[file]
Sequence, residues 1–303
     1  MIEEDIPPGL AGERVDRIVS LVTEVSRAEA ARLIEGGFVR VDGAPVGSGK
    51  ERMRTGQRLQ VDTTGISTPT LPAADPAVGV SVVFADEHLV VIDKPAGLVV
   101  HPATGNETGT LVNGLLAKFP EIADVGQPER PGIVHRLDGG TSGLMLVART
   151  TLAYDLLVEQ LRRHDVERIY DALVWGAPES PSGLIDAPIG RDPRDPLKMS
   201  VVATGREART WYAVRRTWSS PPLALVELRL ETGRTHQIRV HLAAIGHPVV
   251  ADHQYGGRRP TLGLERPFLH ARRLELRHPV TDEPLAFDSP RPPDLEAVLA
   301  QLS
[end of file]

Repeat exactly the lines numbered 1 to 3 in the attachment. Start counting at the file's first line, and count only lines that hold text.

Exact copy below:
Sequence, residues 1–303
     1  MIEEDIPPGL AGERVDRIVS LVTEVSRAEA ARLIEGGFVR VDGAPVGSGK
    51  ERMRTGQRLQ VDTTGISTPT LPAADPAVGV SVVFADEHLV VIDKPAGLVV